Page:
Cultures come together to serve up delicious fun at Indigo Grill

Photos and Story By Kelley Carlson

With the rare distinction of being a non-Italian restaurant in a district known for its pizzas and pastas, Indigo Grill (a member of the Cohn Restaurant Group), stands apart from its neighbors in Little Italy, San Diego.

Its décor and menu range from one extreme – the warm and culturally diverse state of Oaxaca, Mexico – to the other — the icy wilderness of Alaska. But together, the elements create a casual fine dining setting that’s playful and welcoming, a reflection of partner/Executive Chef Deborah Scott’s personality.

Jalapeño Cilantro Pappardelle contains thick noodles, prawns, red bell peppers, chile butter, rajas and bits of roasted pineapple.

It’s immediately obvious to passers-by, who look up to see the Indigo Grill sign with letters that “dance” like flames. Inside, the restaurant is divided into regions.

To the left is the “south,” where woven walls in golden hues feature tribal masks, copper lights dangle from chains, and cultural artifacts such as skeletons accent the room. Moving in the opposite direction, the space gently curves and the décor begins its transition.

The bar combines rich browns with cool, slate gray; a giant, partially faux coniferous tree — typically found in the cooler northern climates — greets guests at the entrance. Chairs with native symbols representing various tribes, surround a community table. It’s separated from the “north” dining area by a sheet of “ice” and a totem pole. A salmon run is painted above the nearby ceviche bar. Common throughout all areas is a wood floor with a rustic, earthy tone, along with the sounds of authentic Peruvian, Hispanic and European melodies.

It’s the ceviche bar where Scott recommends guests, especially first-timers, sit. “There’s a lot of interaction and it’s fun to watch (the behind-the-scenes activity),” she said. “You get a good feeling of what’s going on, and you get to watch all the food go by.”

Patrons also get the aromatic whiff of salmon as it’s baked in the wood-fired stone oven. Those who prefer to dine outside may sit on the fully heated and enclosed patio, which features adjustable screens and views of Little Italy’s tree-lined streets.

Not only does the restaurant décor contain an artistic flair, but the dishes are also visual masterpieces. It’s common for a guest to stop a server and ask to take a photo of a brilliantly colorful creation or a chocolate garnish designed to look like a dragon or serpent.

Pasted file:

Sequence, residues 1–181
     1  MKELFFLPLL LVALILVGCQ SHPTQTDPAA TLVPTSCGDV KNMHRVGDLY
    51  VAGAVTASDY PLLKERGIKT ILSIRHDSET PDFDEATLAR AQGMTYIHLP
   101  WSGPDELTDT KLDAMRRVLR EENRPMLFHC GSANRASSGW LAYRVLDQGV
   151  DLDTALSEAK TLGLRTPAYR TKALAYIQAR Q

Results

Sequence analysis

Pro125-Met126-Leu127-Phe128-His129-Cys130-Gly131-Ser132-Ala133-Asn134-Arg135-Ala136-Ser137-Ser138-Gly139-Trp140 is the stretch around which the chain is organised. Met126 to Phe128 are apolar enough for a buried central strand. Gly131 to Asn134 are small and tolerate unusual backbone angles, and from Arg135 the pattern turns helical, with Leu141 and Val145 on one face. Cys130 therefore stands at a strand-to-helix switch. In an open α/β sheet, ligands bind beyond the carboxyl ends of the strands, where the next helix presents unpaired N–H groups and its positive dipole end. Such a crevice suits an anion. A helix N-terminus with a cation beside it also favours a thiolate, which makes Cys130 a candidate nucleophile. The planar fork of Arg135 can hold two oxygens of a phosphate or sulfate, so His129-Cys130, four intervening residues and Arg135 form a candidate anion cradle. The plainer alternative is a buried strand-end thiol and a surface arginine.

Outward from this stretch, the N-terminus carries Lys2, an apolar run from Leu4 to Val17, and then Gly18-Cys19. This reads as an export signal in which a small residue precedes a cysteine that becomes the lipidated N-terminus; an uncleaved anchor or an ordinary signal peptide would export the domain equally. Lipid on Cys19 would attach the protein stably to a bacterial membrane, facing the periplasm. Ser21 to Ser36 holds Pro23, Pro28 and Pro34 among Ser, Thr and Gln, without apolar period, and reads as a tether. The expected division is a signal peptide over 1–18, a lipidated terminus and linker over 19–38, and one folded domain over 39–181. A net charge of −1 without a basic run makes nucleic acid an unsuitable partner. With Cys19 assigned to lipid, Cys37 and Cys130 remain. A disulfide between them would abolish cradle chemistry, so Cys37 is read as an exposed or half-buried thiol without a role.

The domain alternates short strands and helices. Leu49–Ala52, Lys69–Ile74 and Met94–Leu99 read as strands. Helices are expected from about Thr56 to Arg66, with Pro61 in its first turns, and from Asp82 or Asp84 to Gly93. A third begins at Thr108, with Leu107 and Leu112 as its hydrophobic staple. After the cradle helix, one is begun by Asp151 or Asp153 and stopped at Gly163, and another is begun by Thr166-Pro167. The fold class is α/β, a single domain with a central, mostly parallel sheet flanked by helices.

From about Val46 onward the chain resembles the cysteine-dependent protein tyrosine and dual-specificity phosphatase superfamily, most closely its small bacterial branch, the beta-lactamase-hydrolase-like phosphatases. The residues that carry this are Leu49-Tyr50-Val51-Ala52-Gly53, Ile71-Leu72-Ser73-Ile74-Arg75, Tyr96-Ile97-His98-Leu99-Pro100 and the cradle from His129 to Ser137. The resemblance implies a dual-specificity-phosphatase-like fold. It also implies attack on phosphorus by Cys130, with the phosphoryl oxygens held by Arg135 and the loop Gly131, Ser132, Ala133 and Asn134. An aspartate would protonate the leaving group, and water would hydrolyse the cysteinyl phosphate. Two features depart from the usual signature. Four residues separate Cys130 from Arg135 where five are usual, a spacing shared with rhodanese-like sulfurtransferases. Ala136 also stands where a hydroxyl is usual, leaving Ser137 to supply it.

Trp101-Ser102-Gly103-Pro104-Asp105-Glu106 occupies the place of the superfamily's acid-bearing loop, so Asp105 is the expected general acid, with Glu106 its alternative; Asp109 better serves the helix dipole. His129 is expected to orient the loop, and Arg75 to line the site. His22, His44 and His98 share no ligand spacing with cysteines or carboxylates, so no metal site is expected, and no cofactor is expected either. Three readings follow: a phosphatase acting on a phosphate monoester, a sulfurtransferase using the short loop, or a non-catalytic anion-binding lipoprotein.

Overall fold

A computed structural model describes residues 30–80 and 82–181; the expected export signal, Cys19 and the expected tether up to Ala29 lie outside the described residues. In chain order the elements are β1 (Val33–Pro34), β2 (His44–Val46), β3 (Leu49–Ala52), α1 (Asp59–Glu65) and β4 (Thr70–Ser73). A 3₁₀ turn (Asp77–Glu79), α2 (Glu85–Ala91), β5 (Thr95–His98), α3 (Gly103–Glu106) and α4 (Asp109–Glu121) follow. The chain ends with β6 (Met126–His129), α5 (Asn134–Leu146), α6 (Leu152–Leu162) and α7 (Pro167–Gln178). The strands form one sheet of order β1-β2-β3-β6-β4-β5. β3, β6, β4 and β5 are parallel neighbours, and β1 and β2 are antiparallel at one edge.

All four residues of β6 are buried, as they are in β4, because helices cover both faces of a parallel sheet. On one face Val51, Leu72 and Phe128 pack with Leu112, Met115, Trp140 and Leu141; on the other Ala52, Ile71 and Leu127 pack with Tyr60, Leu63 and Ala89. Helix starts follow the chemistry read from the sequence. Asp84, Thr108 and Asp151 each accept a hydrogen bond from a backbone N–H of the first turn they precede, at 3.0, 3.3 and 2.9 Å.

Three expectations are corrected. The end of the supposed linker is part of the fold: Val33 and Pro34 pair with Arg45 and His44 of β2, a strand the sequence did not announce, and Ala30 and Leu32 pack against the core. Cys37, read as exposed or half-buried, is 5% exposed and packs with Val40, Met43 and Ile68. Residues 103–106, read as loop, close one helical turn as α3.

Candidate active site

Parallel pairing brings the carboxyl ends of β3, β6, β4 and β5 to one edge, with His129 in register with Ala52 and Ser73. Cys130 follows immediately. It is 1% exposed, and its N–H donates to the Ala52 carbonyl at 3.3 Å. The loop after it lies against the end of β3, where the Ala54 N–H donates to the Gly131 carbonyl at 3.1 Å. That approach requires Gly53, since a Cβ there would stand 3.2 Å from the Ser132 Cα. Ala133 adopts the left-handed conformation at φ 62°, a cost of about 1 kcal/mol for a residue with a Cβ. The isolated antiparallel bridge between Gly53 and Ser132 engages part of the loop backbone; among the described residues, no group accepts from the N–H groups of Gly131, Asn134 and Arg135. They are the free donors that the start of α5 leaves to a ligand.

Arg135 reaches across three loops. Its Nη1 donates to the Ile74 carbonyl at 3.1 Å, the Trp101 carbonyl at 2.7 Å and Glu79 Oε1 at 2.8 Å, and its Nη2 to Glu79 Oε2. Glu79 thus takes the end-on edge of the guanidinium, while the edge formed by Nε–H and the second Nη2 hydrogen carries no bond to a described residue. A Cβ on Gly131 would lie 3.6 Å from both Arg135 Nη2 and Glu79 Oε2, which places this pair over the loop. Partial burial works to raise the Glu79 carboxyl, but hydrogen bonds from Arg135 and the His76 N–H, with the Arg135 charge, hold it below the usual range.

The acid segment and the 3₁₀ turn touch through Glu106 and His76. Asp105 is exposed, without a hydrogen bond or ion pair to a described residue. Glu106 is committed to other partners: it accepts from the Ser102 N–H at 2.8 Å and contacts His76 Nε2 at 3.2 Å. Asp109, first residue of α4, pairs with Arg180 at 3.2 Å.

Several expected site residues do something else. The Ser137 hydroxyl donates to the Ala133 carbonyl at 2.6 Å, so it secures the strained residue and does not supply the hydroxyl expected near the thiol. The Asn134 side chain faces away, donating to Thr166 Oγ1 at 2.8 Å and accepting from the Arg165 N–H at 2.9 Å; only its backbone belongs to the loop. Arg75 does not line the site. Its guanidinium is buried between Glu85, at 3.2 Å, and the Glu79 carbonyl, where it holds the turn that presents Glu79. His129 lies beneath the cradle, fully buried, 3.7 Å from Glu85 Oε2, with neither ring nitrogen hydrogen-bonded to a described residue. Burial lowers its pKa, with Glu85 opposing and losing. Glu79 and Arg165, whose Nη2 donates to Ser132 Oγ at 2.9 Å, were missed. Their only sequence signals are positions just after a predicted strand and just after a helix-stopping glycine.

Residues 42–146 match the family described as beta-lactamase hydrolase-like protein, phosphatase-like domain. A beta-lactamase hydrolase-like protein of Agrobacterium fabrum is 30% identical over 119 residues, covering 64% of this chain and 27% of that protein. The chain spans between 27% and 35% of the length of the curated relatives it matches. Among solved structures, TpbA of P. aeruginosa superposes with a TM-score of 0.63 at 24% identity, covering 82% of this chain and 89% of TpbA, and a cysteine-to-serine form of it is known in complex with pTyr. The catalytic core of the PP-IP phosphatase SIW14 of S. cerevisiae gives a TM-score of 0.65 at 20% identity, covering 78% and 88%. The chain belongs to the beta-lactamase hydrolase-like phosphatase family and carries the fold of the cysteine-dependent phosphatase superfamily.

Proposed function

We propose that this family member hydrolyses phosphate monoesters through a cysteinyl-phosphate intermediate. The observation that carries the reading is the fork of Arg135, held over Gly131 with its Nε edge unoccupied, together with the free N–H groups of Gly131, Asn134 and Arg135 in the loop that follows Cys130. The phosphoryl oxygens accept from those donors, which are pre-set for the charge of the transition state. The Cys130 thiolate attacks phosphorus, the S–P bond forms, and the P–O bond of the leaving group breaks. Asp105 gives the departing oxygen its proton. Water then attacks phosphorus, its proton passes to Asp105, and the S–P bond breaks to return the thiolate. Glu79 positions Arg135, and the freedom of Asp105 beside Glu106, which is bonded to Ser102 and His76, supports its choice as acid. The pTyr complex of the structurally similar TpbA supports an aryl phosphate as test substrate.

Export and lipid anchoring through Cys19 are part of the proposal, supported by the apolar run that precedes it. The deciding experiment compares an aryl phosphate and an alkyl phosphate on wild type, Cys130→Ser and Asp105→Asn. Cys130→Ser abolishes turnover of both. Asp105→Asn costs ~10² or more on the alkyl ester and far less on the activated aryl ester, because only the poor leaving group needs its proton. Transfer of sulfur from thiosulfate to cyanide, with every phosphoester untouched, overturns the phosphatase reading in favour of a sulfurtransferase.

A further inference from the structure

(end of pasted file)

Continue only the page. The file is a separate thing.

The Scallop & Shrimp Ceviche is cured in lime juice and combined with cucumber pico de gallo

“We have an amazing staff, a lot of real artists,” Scott said. The offerings mimic the décor and everything is made in-house with the exception of tortillas and pasta noodles.

Perhaps the most popular item is one of the starters, the Pipian Crusted Brie, a soft cheese that is enveloped in a nutty, earthy-flavored crust. It’s served with sweet-yet-spicy jalapeño jelly, honey-roasted garlic, grilled nopales, mole negro and scallion flatbread.

A soup that has been featured in multiple publications is the Roasted Butternut Squash Soup, an autumnal-colored concoction that incorporates cilantro pesto, roasted corn, beet puree, pepitas and creme fraiche.

Scott’s  favorite entree is the Jalapeño Cilantro Pappardelle, containing thick noodles, prawns, red bell peppers, chile butter, rajas and bits of roasted pineapple that counteract the spiciness with sweetness. Other chef recommendations include the Pecan-Crusted Rainbow Trout, Pork Porterhouse and Pipian-Rojo Chicken Breast.

Some of the drinks also have a kick to them, such as Indigo Grill’s signature Oaxaca Fire — a blend of tequila, triple sec, Thai chiles, lime and s&s, with salt and cayenne pepper around the rim.

Yet as expected, the desserts are primarily sweet, including the Chocolate Caueta Vulcan, which has a warm liquid chocolate center and is topped with caramel ice cream.

The children’s fare is a bit less exotic, with basics such as a quesadilla, cheese ravioli, French fries and chicken fingers.

Indigo Grill
Address: 1536 India St., San Diego

Phone: (619) 234-6802

The Vibe: Relaxed, casual
Signature Dishes: Pipian Crusted Brie, Oven Roasted Mussels & Clams, Alderwood Plank Salmon, Jalapeño Cilantro Pappardelle, Flat Iron Chimichurri
Open Since: 2001
Reservations: Yes
Patio Seating: Yes
Take Out: Yes
Happy Hour: 5-6:30 p.m. Monday-Friday

Hours: 5-9 p.m. Sunday-Thursday, 5-10 p.m. Friday and Saturday

On The Menu Recipe

Each week you’ll find a recipe from the featured restaurant online at Just click Get The Recipe at the bottom of the story.

This week: Indigo Grill’s Jalapeño Pappardelle

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  3. Favorite Greek dishes are served pub-style at Taverna Blu in Del Mar Highlands
  4. Dining is a six-sided affair at the upscale Hexagone in Banker’s Hill
  5. Nobody does fresh, fun and fancy California fare quite like Blanca

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Posted by Staff on Apr 4, 2013. Filed under Food, Restaurants. You can follow any responses to this entry through the RSS 2.0. You can skip to the end and leave a response. Pinging is currently not allowed.

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